Edgar Wright strides into the room with a wide smile, compliments Total Film’s T-shirt (vintage Texas Chain Saw Massacre, if you’re interested) and settles down for something he clearly enjoys: shooting the shit about movies, action or otherwise...
There’s a packed cast, but no grandstanding, everyone fits their characters...
Even though there are lots of brilliant actors in the cast, it’s very important to us that it has an ensemble feel. And certainly directing it, that was the thing that was really exciting for me. Not just working with some of these living legends, but also to put them in scenes with younger actors and people with different backgrounds, so to do a scene with Simon and Billy Whitelaw, or Nick Frost and Jim Broadbent, or Paddy Considine and Timothy Dalton, it was really exciting and fun.
Did anyone get star-struck?
There were moments when different actors would be star-struck within scenes with each other. There was one scene in Timothy Dalton’s office where Alice Lowe who is playing Tina, Dalton’s moll so to speak, was thinking, ‘Oh my God, it’s Paddy Considine,’ and he was thinking, ‘Oh my God, it’s the girl from Dark Place’. And when some of the younger actors were having their first scenes, thinking ‘I’m playing opposite Edward Woodward, this is crazy.’
Did you joke about anyone’s career?
Occasionally I’d make the same joke - every time Timothy walked past, I’d do that line out of View To A Kill: “You know who that was? That was James Bond!” which is the worst line in any Bond film, ‘cause it doesn’t make any sense. How would the police chief know who James Bond was?! He’s not famous in the reality of the film!
How did you and Paddy Considine hook up?
Dead Man’s Shoes came out at around the same time as Shaun Of The Dead and he was very, very sweet to send a note to my agent to say how much he enjoyed Shaun Of The Dead and then I went to the Dead Man’s Shoes premiere and met him for the first time and we got on like a house on fire. Then we were nominated for some of the same awards, and we kept seeing each other and Shane Meadows was there, and he kept saying, half-jokingly, ‘is there a part for Paddy in the next one?’ And we were thinking, ‘Oh yeah, there might be.’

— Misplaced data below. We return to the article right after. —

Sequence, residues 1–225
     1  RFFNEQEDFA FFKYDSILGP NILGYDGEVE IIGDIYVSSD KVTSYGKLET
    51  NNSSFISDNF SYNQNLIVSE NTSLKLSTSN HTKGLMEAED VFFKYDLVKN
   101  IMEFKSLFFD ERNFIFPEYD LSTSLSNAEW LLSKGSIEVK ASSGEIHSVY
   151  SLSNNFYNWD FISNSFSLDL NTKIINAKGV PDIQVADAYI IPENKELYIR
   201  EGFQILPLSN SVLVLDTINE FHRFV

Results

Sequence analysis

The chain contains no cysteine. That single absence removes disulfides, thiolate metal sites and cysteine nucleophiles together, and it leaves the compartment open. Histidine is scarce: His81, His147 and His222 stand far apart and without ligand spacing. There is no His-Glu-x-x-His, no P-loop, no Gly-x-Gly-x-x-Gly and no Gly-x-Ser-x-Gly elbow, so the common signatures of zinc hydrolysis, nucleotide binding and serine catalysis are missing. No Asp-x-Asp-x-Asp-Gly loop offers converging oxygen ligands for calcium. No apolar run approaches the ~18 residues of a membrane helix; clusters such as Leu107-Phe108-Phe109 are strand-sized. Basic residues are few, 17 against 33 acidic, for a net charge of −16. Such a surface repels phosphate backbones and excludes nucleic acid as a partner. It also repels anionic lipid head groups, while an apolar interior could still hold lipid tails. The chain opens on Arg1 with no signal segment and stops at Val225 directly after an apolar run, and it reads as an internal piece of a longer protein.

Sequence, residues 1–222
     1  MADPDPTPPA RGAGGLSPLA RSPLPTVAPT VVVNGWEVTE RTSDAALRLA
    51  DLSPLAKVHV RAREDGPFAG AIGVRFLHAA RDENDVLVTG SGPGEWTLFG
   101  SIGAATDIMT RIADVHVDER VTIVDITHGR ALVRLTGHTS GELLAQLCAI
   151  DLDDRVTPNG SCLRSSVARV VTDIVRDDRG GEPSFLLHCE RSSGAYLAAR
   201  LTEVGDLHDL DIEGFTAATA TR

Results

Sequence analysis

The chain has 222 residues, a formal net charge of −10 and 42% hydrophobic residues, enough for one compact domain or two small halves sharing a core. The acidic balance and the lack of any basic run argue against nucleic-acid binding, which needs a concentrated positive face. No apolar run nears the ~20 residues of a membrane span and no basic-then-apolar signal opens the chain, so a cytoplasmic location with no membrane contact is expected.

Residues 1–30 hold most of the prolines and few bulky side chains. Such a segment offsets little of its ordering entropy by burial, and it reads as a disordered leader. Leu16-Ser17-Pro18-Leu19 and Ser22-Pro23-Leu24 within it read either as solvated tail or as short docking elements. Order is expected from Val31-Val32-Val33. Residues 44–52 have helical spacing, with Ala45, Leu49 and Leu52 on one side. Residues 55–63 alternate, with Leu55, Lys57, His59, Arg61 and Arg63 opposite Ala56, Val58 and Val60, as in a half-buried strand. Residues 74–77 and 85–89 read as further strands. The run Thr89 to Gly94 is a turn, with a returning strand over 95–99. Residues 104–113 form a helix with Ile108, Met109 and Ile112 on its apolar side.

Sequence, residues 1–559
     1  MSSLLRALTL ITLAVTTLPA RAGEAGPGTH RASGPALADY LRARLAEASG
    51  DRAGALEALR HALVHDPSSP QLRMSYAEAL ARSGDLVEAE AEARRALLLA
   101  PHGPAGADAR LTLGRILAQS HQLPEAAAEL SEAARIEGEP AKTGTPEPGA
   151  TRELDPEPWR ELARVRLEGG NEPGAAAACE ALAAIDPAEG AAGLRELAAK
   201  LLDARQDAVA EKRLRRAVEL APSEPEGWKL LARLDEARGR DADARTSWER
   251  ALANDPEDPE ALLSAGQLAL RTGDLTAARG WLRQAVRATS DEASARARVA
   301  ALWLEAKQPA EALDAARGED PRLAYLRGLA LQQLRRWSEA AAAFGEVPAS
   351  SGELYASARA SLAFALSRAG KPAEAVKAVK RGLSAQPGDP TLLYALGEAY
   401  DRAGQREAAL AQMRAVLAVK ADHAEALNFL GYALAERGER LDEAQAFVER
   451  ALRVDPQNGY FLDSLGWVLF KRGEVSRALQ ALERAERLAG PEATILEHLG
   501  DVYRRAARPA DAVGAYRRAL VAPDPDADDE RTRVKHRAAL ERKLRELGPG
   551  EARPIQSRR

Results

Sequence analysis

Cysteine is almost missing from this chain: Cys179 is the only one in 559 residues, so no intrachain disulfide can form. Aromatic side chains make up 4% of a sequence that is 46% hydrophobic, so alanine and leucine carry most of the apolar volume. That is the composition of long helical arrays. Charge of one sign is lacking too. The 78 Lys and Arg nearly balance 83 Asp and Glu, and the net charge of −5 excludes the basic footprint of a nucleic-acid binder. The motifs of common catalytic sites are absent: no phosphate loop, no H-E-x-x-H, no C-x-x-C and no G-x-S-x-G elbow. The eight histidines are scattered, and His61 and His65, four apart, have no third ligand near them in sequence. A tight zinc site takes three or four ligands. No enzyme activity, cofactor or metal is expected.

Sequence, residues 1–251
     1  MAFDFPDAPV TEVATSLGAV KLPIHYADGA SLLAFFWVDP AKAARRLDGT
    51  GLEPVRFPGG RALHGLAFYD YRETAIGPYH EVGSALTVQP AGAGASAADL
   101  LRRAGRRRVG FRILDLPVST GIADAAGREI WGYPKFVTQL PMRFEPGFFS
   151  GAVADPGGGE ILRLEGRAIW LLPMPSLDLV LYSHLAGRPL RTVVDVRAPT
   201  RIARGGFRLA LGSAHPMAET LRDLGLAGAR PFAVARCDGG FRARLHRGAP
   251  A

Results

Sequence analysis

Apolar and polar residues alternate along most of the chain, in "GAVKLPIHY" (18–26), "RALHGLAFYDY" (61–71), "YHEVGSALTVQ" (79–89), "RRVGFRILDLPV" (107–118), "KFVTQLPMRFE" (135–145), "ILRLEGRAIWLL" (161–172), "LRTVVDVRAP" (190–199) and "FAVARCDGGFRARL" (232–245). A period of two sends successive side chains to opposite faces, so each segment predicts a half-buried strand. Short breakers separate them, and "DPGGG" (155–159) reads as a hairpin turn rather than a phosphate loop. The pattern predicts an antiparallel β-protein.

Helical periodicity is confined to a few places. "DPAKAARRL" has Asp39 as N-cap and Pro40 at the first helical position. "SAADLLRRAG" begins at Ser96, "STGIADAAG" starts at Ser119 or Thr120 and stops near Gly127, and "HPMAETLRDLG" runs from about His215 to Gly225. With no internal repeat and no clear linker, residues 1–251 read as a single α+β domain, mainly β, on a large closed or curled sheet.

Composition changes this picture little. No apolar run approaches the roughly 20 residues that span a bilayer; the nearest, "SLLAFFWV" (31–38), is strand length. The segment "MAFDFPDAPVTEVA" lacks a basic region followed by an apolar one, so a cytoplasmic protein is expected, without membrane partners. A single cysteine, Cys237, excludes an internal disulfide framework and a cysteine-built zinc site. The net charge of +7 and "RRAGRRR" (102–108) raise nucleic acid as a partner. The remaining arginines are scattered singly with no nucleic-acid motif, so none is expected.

In some cases you write with actors you’ve never met that you have no connection with and you hope that you can just send them the script and maybe they’ll have seen the previous film and that will be that. And then there are other people like Jim Broadbent and Paddy Considine who both came up to us and said how much they liked the last one and it certainly gets your mind ticking. Paddy’s part was written with him in mind, and Jim’s as well.
Paddy reminds me of someone doing a Robert De Niro spoof...
He does! He does a really good De Niro impression, so I got him to do it in the film, there’s one scene in particular when he does the [Edgar does an impressive De Niro mug], and I told him to do it! I said ‘do your De Niro, when he says that line, do your Midnight Run face’ and he kept cracking up, it set him off. Probably on the outtakes you’ll see him not being able to quite get through that bit.
He’s hilarious in it...
Some people maybe thought ‘oh that’s a surprising choice’ because you don’t think of Paddy as a comedic actor, but in reality, not only is he really funny in real life, but also, even his first part in Room For Romeo Brass, even though that’s a film that goes very dark at the end and it’s very much a black comedy, he’s still really funny in it. He’s got that kind of energy about him.
I interviewed Eli Roth for Hostel last year, and he brought you up...
We have the same birthday!
He didn’t say that, but he did say that Quentin Tarantino holds movie nights for you two! Did Quentin show you anything that influenced Hot Fuzz?